In both my review in progress and the final review, I expressed my dissatisfaction with veteran rank questing. If you’re unfamiliar, ESO’s take on the continent of Tamriel is split up into three major factions, each with around 150 hours of hand-crafted, fully voice-acted content to quest through. Once you hit the level cap of 50 and finish your faction’s quest-line, you can quest through the other two faction’s zones, facing off against much tougher, level-adjusted versions of those foes. It’s akin to questing through max-level versions of the Horde zones in World of Warcraft after finishing your Alliance content. While this is certainly a friendly way to let players experience all the content ESO has to offer, and extend the endgame to boot, the system has a few big problems.
Questing through the storylines of the two other factions shatters much of the camaraderie that’s so vital to a faction-based MMO. That feeling remains. The lands of the Ebonheart Pact–Skyrim, Morrowind, and the Black Marsh–are barely a memory now, and I only go back to hunt down stray skyshards for skill points. Occasionally I return to craft or bank in the towns of Riften and Windhelm, but that’s only out of a forced feeling of nostalgia and a tiny need to roleplay with my Nord.
Stronger, too, is my conviction that I wouldn’t have enjoyed the game as much had I started out with another faction besides the Ebonheart Pact. The Pact, with its dreamlike fauna and architecture combined with the Viking brawn of the Nords and the wattled huts of the Argonians, delivers an ambiance that’s at once evocative of the single player games and leap away from the trappings of conventional fantasy. The Daggerfall Covenant and the Aldmeri Dominion, by contrast, both cling closer to genre conventions and deliver little of the awe that drives the single player games. It’s little wonder that Bethesda seems hesitant to use these regions for a traditional Elder Scrolls game. Worse yet, these guys were once my enemies. It’s like letting players sample both the Imperials and Stormcloaks in the same playthrough of Skyrim.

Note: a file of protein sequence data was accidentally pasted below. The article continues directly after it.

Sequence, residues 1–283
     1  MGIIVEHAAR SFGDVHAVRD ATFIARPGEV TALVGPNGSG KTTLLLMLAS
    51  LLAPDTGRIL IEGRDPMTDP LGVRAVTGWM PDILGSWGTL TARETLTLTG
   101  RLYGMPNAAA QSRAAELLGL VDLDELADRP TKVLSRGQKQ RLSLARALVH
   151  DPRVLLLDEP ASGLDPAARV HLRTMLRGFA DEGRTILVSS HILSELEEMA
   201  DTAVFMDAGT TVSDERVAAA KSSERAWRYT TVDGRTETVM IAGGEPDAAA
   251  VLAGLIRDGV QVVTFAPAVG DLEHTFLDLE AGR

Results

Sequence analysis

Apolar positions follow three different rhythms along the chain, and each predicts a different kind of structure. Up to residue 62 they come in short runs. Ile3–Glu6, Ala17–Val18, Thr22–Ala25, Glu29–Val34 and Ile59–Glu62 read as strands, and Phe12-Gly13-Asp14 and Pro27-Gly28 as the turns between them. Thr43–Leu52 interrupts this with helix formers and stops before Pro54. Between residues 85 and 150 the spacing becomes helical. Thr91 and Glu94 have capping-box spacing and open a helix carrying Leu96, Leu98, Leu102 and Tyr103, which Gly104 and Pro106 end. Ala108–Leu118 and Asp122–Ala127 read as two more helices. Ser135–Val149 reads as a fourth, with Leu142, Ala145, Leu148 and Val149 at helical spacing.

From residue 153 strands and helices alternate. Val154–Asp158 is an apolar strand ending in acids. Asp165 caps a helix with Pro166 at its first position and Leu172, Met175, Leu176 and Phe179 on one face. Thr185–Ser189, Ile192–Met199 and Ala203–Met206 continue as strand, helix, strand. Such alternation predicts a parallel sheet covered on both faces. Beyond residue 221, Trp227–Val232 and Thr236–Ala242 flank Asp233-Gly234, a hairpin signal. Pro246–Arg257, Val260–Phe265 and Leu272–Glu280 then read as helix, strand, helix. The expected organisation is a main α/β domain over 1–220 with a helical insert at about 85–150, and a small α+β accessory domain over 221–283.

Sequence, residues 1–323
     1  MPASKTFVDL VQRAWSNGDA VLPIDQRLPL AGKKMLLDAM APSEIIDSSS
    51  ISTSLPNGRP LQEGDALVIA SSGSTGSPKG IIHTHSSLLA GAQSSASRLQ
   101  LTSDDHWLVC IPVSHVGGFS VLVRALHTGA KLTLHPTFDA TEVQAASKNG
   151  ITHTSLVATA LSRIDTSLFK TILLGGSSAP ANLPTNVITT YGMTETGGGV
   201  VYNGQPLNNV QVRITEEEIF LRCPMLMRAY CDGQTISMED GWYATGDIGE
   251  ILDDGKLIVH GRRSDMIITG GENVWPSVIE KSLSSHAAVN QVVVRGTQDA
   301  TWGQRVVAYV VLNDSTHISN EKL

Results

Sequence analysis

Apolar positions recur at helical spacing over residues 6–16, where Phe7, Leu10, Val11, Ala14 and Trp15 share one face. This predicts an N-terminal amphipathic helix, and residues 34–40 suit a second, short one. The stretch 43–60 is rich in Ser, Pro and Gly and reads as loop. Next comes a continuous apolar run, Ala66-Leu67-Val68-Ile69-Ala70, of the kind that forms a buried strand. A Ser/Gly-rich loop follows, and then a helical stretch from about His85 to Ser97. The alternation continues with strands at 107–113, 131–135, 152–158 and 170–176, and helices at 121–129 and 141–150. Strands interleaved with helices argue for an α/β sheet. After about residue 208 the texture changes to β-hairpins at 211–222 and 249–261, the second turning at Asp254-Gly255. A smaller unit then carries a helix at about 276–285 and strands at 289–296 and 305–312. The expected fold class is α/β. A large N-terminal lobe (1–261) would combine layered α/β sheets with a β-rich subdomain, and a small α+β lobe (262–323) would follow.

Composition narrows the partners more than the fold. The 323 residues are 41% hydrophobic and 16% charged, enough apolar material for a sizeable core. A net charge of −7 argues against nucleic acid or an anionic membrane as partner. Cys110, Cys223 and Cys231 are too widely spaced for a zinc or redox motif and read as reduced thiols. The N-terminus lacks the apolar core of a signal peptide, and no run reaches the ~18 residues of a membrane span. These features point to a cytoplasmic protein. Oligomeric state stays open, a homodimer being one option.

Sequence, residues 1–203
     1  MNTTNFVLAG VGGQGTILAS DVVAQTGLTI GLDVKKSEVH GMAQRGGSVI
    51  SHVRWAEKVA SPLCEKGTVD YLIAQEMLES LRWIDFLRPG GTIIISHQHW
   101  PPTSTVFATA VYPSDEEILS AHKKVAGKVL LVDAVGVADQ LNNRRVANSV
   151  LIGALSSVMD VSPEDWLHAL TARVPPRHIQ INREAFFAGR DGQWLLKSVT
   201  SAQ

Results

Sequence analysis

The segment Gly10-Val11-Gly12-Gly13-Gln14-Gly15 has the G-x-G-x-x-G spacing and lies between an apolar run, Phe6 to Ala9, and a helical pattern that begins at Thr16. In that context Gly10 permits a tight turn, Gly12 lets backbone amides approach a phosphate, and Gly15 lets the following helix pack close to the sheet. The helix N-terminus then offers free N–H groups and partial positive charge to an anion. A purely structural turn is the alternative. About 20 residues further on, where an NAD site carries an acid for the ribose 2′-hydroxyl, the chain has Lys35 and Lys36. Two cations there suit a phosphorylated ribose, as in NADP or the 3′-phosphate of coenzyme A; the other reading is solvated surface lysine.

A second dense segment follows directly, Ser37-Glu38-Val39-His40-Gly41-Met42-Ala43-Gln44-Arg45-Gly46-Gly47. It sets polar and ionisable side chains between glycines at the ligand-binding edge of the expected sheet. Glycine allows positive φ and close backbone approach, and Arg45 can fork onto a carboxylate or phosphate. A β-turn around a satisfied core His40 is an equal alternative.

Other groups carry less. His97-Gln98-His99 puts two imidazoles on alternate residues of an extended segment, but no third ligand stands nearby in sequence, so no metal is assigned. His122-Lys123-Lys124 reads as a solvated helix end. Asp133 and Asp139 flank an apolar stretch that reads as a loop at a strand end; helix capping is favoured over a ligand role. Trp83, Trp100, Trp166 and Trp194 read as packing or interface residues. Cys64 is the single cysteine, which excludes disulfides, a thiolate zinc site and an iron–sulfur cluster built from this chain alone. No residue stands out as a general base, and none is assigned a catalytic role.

But the biggest problem is that Veteran questing feels like leveling through the game not twice but three times before you reach the ranks required for the upcoming Craglorn content. “Veteran Rank 10″ sounds so attainable, but I sometimes wonder if we would have been better off if ZeniMax had simply called the level cap 150 instead of 50. The only real difference is that you no longer receive attribute points for health, stamina, of magicka as you level, and the main story no longer advances. In all other matters, you continue performing the same actions without the comparatively frequent rewards through the first faction’s playthrough.
I wouldn’t mind this so much, but this cross-faction endgame quest also has the adverse effect of making leveling an alt account almost unthinkable. In other MMOs, when you hit max-level you might roll a new character to experience a new quest, and explore all the zones you missed. But in ESO, you feel compelled to experience it all on a single character, breaking the in-game lore along the way. It matters little how well-written the quests are if you’ve seen them all already; even the most dedicated lore lover must be tempted to just grind out level-ups the second time around instead of questing through the same quests for another 150+ hours.
There are times when I wish I’d leveled a Dragonknight or Sorcerer instead of my Nightblade, but the thought of playing through the content for roughly 300 hours again gives me shivers.